Life as A Forensic AnthropologistBook - 1999
"On the first day of the search, I failed to find the body." So writes forensic anthropologist and bioarchaeologist Mary H. Manhein--or "the bone lady," as law enforcement personnel call her. In this, one of dozens of stories recollected in her powerful memoir, Manhein and the state police eventually unearth a black plastic bag buried in the banks of the Mississippi River containing the body of a man who has been missing for five years. After the painstaking process of examining the remains, confirming the victim's identity, and preparing a formal report for the police, Manhein testifies for the prosecution at the murder trial. The defendant is convicted (in no small part because of Manhein), and "the bone lady" has helped solve yet another mystery.
As director of the Forensic Anthropology and Computer Enhancement Services (FACES) Laboratory at Louisiana State University, Manhein unravels mysteries of life and death every day. In The Bone Lady, she shares, with the compassion and humor of a born storyteller, many fascinating cases that include the science underlying her analyses as well as the human stories behind the remains.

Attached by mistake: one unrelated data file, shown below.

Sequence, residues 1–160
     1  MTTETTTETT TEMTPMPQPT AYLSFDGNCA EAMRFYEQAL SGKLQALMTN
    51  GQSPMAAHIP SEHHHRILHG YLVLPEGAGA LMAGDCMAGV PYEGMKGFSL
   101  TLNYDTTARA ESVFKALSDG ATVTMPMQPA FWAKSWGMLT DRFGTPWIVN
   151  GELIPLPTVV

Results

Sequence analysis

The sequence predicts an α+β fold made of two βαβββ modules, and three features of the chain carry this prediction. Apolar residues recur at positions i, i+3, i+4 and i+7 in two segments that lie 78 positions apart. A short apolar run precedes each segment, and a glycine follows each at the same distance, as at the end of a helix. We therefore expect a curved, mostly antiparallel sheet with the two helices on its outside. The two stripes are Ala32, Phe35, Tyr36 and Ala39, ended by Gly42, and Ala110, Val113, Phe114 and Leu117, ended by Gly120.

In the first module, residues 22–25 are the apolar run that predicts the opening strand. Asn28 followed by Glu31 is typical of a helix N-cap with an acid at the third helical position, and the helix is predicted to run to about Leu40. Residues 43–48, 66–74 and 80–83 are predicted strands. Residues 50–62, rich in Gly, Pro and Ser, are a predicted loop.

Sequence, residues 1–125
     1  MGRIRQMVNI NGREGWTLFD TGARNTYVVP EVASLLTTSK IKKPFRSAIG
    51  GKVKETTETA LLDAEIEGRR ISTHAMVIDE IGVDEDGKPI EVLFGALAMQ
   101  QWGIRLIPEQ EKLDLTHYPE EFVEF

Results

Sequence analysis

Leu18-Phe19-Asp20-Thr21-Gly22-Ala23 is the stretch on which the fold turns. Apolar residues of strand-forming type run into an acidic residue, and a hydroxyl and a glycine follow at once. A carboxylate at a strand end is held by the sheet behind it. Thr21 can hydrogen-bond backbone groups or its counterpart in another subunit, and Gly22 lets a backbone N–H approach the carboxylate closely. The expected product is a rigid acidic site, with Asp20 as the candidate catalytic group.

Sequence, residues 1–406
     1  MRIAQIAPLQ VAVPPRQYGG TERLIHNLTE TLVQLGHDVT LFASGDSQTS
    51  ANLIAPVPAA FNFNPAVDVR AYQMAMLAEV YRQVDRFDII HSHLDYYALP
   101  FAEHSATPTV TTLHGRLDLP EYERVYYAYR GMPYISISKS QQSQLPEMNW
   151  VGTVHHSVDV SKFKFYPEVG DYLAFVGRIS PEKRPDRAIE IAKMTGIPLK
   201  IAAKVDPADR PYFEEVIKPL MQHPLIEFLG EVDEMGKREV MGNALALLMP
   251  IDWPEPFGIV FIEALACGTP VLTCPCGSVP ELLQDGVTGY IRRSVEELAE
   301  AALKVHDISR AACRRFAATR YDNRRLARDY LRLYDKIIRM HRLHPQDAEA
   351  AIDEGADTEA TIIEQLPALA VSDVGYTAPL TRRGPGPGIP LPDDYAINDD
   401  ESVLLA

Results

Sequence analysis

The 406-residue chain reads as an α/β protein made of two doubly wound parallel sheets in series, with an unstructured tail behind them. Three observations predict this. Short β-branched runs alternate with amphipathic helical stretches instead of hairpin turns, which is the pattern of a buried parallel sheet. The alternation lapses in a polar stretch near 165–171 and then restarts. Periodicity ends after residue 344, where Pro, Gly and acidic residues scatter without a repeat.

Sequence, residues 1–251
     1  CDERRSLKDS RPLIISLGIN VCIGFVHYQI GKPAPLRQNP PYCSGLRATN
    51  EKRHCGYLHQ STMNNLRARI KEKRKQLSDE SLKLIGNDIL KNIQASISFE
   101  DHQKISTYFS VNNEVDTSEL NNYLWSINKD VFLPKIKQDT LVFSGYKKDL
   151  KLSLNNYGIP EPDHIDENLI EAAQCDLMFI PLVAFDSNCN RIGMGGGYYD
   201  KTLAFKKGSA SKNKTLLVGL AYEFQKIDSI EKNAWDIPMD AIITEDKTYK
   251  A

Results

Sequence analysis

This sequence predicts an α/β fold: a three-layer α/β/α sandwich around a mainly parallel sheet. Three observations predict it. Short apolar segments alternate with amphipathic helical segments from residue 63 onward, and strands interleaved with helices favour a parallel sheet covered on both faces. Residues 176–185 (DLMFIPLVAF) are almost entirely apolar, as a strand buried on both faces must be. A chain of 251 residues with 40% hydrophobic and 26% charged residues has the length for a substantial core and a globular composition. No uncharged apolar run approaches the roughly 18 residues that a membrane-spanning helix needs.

Manhein, an expert on the human skeleton, assists law enforcement by providing profiles of remains that narrow the identification process when the traditional means used by medical examiners or coroners to conduct autopsies are no longer applicable--simply put, when bones are all that are left to tell the story. She assesses age, sex, race, height, signs of trauma, and time since death, and creates clay facial reconstructions.
Although Manhein enjoys solving high-profile cases, her personal crusade is identifying the John and Jane Does who wait in her lab. Manhein's own words perfectly characterize her mission: "Identifying a victim can bring peace of mind to the family and can help them to go on with their lives. Sometimes, peace of mind is the only gift that I can give."